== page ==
Earlier this year Democratic Sens. Sheldon Whitehouse and Brian Schatz proposed a trade along these lines, but their plan is politically infeasible. They want a carbon tax rate that starts at $49 a ton and ratchets up annually, and their suggested 29% corporate tax rate is unresponsive to the needs of Republicans and many business leaders. This doesn’t mean a deal can’t be reached. The parties need to embrace face-to-face negotiations—not Republican leaders holed up in the White House trying to get corporate tax reform done without a single Democratic vote.

We would also insist on eliminating the gas and diesel tax so that gas is not subject to a double carbon tax. We think $49 per metric ton is high and $25 would be fine but that is the business of politics to negotiate.  A carbon tax of $49 might be sufficient to eliminate the gas tax and corporate tax.  Alternatively, the $49 carbon tax might allow elimination of the gas tax, reducing the corporate rate to 15 percent, and refunding part of social security for low income folks.  Reducing social security would keep the carbon tax from falling too heavily on low-income folks.

We are with Edward.  It is time to negotiate.  Accepting a carbon tax for reduced business taxes seems like a reasonable deal.  You elected officials should be better at negotiation than you have shown so far.

Never Sorry On The Left

Jim Geraghty in The Morning Jolt provides a summary showing how free speech exists for the Left.  He reports:

A lot of right-of-center sports fans don’t particularly like Jamele Hill, the co-host of the 6 p.m. Sportscenter on ESPN, who tweeted Monday that “Donald Trump is a white supremacist who has largely surrounded himself w/ other white supremacists.”
Late last night, she issued the statement: “My comments on Twitter expressed my personal beliefs. My regret is that my comments and the public way I made them painted ESPN in an unfair light. My respect for the company and my colleagues remains unconditional.”

Think about how everyone spent eight years criticizing any mild comment about The Donald’s immediate predecessor.  Mentioning his middle name was verboten.  Now we have The Donald being accused of not just a being racist but a white supremacist surrounded by other white supremacists.  We would like to know who Jamele thinks they are.  Perhaps it is Betsy DeVos who is helping to reinstate due process at colleges for folks accused of rape and provide educational opportunities for inner city children.

Then there is Jamele’s statement.  It sure isn’t an apology.  We’re unsure as to why she thinks they painted ESPN in an unfair light.  She should show her love for ESPN because they didn’t fire her.  We don’t want Jamele fired but we didn’t want Curt Schilling fired either.  After that ESPN said:

ESPN is an inclusive company,” ESPN said in a statement. “Curt Schilling has been advised that his conduct was unacceptable and his employment with ESPN has been terminated.”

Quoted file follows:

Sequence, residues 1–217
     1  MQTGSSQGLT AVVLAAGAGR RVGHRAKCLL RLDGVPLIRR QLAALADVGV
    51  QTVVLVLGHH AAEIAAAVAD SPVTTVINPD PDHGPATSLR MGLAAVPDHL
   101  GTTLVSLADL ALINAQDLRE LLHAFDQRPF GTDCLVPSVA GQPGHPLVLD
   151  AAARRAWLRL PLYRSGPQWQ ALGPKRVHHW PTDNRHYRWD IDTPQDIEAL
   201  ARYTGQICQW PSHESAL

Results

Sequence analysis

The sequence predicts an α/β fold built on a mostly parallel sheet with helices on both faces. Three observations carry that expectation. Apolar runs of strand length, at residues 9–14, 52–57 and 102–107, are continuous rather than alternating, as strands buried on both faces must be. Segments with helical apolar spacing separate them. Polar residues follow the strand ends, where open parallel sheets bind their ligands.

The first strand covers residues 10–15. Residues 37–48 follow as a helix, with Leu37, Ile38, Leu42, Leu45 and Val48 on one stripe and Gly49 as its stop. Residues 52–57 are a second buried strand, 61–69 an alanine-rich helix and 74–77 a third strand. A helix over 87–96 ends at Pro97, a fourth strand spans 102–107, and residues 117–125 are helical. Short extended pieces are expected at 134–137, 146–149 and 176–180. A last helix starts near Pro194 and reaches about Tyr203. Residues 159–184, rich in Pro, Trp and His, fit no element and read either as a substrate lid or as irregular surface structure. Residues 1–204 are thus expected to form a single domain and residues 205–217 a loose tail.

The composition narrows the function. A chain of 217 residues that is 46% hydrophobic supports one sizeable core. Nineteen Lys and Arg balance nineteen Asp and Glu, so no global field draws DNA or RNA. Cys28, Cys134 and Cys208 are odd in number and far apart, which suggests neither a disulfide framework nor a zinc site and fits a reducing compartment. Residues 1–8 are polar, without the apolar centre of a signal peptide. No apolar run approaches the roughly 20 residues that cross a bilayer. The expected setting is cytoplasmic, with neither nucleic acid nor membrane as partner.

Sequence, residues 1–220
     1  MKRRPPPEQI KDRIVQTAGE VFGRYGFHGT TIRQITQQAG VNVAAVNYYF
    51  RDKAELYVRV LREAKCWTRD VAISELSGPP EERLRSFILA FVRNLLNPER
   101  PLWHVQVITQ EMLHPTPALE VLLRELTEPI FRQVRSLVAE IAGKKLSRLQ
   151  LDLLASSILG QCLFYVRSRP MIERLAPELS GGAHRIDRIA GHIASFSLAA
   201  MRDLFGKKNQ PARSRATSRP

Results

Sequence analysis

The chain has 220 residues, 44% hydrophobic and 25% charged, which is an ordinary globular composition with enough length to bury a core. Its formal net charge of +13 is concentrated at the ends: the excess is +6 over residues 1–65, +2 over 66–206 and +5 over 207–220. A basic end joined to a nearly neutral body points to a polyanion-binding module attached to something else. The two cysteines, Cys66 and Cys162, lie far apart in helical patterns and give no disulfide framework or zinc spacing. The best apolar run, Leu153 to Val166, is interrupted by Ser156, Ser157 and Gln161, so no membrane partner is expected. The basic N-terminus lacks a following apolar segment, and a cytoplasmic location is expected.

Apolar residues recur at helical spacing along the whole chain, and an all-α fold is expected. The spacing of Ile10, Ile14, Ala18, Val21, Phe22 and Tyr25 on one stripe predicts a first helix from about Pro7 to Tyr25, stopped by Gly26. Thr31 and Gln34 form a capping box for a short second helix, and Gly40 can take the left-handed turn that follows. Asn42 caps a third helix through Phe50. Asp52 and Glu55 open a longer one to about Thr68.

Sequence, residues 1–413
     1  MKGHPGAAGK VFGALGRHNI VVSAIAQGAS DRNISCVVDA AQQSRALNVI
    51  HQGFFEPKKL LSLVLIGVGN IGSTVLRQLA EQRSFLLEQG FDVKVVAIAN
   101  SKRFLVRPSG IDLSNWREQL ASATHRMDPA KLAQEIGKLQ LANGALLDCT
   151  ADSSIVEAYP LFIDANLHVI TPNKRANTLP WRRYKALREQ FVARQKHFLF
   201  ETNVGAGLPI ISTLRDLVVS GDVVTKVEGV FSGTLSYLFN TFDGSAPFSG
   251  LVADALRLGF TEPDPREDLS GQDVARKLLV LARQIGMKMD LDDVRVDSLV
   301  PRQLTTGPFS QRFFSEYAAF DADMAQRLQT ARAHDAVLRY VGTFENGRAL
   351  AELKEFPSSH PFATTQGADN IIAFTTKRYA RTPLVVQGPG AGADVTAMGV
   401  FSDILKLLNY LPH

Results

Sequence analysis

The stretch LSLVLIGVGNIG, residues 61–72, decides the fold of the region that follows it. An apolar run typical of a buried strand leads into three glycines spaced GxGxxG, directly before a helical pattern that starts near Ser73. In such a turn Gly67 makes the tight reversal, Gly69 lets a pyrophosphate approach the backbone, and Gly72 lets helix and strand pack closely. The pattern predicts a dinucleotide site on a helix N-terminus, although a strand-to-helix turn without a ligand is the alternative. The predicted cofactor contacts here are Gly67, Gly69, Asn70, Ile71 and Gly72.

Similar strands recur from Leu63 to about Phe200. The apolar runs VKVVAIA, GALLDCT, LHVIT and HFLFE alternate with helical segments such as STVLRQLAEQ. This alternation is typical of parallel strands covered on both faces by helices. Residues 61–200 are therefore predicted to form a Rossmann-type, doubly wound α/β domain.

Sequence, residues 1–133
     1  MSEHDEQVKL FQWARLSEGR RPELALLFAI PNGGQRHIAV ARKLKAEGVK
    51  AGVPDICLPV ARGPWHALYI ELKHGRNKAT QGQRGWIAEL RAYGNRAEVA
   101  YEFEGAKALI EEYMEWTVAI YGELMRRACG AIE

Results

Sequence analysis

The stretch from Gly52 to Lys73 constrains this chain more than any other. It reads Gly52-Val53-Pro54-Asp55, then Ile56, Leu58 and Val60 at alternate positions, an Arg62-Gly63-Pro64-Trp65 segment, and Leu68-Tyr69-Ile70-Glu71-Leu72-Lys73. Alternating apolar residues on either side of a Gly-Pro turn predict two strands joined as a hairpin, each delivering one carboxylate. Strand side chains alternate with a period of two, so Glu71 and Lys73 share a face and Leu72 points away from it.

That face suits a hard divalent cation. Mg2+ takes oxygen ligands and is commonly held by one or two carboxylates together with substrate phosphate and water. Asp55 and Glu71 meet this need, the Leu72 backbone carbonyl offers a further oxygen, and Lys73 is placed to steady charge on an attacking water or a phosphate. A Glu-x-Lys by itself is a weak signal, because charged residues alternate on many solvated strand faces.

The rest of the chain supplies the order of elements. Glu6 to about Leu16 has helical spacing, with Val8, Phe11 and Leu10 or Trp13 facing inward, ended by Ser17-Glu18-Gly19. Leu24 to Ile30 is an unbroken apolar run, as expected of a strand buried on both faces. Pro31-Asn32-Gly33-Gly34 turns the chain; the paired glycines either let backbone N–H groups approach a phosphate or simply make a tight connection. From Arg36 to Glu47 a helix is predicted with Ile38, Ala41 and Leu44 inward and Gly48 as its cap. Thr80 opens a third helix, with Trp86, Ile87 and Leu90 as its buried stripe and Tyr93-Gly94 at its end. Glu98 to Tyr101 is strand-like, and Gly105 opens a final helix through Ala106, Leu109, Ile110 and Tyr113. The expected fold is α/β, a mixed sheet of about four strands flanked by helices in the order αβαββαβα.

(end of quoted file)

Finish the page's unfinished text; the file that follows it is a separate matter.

ESPN can fire folks as they see fit.  We don’t want to boycott them but their programming is less interesting lately so we watch less of it and rarely visit their website.  We would like them and the press to have some consistency in these situations but that isn’t going to happen.  Jamele deserves the same as Curt under ESPN’s criteria.  We don’t have a solution but it is easy to see why they are in financial trouble and perhaps the market will provide that solution.  Insulting half your audience is never a good idea for a mass marketer.  Doing it at a time when it is easy to cut the cord seems like bad business.  It will take the market awhile but ESPN and Disney will get a response for their behavior.  We do love markets.

Facebook Foolishness

We woke up this morning and checked our Facebook feed. The percentage of nasty was especially high out there today.

Being nasty to conservatives:

Bret Stephen is one of the NY Times’s conservative columnists, but he sure gets it.  [Here is a better link to Bret.]

Supporting beauty pageants twice:

Miss America 2018 makes history: She says the US withdrawal from the Paris accords was a bad decision.
Miss Texas tears into Trump in a blistering 15-second takedown on live TV.
[We are old enough to remember when the left didn’t like beauty pageants.]

Being nasty to FoxNews:

Weatherman interviews random person, turns out he’s the smartest person to ever be on FoxNews.  [We suppose these folks watch FoxNews so much that they would know.]

And it is the morning of 9/11.  To be fair there was one post on 9/11 expressing love to the survivors and another by a Congressman supporting Kate’s law.  Neither were nasty.  It continues to escape us why many folks think conservatives are mean.

 

 

 

How Times Have Changed

In the WSJ there was the expected editorial from an unexpected source.  This is how Laura Tyson started off: